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A Popular Comic Adaptation Was Apparently Canceled for the Same Old Sexist Reasons

Phoebe and Her Unicorn by Dana Simpson

Nickelodeon has axed an animated adaptation of the children’s comic Phoebe and Her Unicorn, allegedly because executives think it won’t draw enough of an audience if it doesn’t cater to young boys. Given the incredible success of animated series like She-Ra and the Princesses of Power, The Owl House, The Powerpuff Girls, and My Little Pony: Friendship Is Magic (as well as its numerous spinoffs), this couldn’t be further from the truth.

Phoebe and Her Unicorn entered the public consciousness when cartoonist Dana Simpson launched a daily children’s webcomic strip, Heavenly Nostrils, in April 2012. The story follows nine-year-old Phoebe Howell, who skips a rock across a pond and accidentally hits a unicorn in the face. The unicorn, named Marigold Heavenly Nostrils, has been stuck staring at her own reflection in the pond for some time—and Phoebe’s wayward rock frees her. As a reward, Marigold Heavenly Nostrils gives Phoebe one wish, which the girl uses to make the unicorn her best friend.

In 2014, Andrews McMeel Publishing released a collected edition of the strip, titled Phoebe and Her Unicorn: A Heavenly Nostrils Chronicle, and in 2015, the strip was syndicated for more than 100 print newspapers under the title Phoebe and Her Unicorn. Since that first collection was released in 2014, Phoebe has become a highly successful children’s comic series with 16 published books to date. Book #17, Punk Rock Unicorn, is slated for release in April 2023.

The animated adaptation was announced in 2020, and Deadline reported that Nickelodeon planned to turn it into a multi-platform franchise. Then, on December 28, 2022, Simpson posted on Facebook that the project was axed.

“I’d known that was probably coming for a few months. It’s an old Hollywood story. The executives who optioned my show in 2020 left, and were replaced by new people who were more…well. They started complaining that my project doesn’t cater enough to boys,” Simpson wrote. “Hollywood has an idea that boys won’t watch shows that center girls, but girls will watch shows that center boys (or, girls just ‘don’t like animation’), so marketing-wise you should only ever make boy shows, possibly with one token girl.”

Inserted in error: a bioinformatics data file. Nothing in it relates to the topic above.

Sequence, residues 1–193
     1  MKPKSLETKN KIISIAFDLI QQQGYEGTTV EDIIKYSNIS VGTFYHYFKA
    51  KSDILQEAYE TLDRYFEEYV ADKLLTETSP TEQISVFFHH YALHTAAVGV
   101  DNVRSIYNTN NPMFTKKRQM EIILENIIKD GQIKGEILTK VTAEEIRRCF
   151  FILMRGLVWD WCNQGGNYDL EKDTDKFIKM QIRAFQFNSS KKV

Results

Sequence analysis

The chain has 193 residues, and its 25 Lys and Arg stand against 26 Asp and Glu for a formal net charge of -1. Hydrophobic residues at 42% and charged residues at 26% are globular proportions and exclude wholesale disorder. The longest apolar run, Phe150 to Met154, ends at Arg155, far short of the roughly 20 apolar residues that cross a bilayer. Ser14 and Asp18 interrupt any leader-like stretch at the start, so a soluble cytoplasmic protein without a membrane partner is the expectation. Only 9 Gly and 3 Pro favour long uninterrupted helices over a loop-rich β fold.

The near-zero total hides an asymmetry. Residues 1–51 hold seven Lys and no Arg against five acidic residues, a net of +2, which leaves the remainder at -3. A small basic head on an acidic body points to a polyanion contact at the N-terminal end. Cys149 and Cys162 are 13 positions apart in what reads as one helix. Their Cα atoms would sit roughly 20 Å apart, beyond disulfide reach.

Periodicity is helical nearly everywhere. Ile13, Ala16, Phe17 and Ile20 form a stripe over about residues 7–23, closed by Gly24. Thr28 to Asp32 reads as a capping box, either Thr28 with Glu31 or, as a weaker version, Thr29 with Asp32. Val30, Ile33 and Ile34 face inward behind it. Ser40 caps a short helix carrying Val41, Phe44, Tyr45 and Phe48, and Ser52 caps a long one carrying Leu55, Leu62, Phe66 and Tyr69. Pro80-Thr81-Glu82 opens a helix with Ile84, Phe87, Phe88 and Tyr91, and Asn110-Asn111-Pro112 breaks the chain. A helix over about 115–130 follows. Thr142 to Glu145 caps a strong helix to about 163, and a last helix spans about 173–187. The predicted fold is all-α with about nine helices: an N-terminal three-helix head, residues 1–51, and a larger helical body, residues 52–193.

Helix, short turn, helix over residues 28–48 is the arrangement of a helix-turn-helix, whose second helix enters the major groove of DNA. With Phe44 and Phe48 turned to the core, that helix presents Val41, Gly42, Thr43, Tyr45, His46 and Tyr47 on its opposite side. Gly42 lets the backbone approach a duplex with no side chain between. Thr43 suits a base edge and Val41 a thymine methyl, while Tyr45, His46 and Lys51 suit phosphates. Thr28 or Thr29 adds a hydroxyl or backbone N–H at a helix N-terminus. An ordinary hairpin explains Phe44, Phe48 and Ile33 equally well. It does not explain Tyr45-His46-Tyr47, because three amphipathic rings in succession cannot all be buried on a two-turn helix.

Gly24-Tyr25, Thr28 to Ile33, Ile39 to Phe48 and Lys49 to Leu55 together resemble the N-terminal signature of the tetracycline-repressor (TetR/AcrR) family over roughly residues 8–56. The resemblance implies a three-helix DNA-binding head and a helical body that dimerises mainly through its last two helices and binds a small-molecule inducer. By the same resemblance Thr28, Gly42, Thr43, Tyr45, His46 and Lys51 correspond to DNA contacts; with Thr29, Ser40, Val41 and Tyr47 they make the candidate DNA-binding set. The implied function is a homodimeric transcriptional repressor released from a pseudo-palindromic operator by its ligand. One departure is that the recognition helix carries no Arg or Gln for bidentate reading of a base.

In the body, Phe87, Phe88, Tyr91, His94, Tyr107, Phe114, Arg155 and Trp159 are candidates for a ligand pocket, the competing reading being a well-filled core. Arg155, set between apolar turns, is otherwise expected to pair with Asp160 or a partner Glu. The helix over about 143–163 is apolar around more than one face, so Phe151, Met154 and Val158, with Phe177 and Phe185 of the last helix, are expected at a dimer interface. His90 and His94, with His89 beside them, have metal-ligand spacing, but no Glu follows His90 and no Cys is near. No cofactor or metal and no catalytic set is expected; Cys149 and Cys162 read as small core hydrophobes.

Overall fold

We reached out to Simpson for confirmation or comment, but at time of writing have not heard back. In her Facebook post, Simpson—a transgender woman—notes, “I worried transphobia would screw me over. Turns out, no. Garden variety sexism.”

Nickelodeon was the second studio to acquire the rights to Phoebe and Her Unicorn. Previously, Amazon was developing an adaptation between 2017 and 2019, according to Simpson’s Facebook post. “In 2023 we have more meetings and keep trying,” she wrote.

It’s great that Simpson isn’t giving up, but it’s frustrating to see that Hollywood executives still think solely in terms of “boys vs. girls” when it comes to developing and producing content. Not only does this partition content into a gender binary that’s no longer suitable, but we regularly see this happen. Even when a series or franchise has strong female representation, the likelihood of seeing those characters in official merchandise—which is often a key marketing tool, especially for children’s media—is slim. In 2015, fans started a #WheresNatasha campaign on social media to call out the lack of Black Widow toys compared to her male Avengers teammates. The year before, McDonald’s released a line of Adventure Time toys without a single female character in the set.

Although shows like She-Ra and The Powerpuff Girls prove how ridiculous it is to preemptively cancel a show because it’s too girl-centric, that doesn’t change the reality that Simpson and other creators are often forced to face. Hollywood executives seem to see girls as a non-viable market, which, in a capitalist society, means that content catered to girls will get the axe faster and more frequently than content catered to boys.

Loudly advocating for shows like Phoebe and Her Unicorn to get off the ground is important. Throwing support (especially financial, whenever possible) behind girl-centric media is one of the only ways to prove to execs just how wrong they are, and to convince them that their ingrained sexism is hurting their strategy more than helping it.

(featured image: Simon & Schuster)

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Samantha Puc (she/they) is a fat, disabled, lesbian writer and streamer whose work focuses primarily on LGBTQ+ and fat representation in pop culture. Their writing has been featured on Refinery29, Bitch Media, them., and elsewhere. Samantha is the co-creator of Fatventure Mag and she contributed to the award-winning Fat and Queer: An Anthology of Queer and Trans Bodies and Lives. They are an original cast member of Death2Divinity, and they are currently pursuing a Master of Fine Arts degree in creative nonfiction at The New School. When Samantha is not working or writing, she loves spending time with her cats, reading, and perfecting her grilled cheese recipe.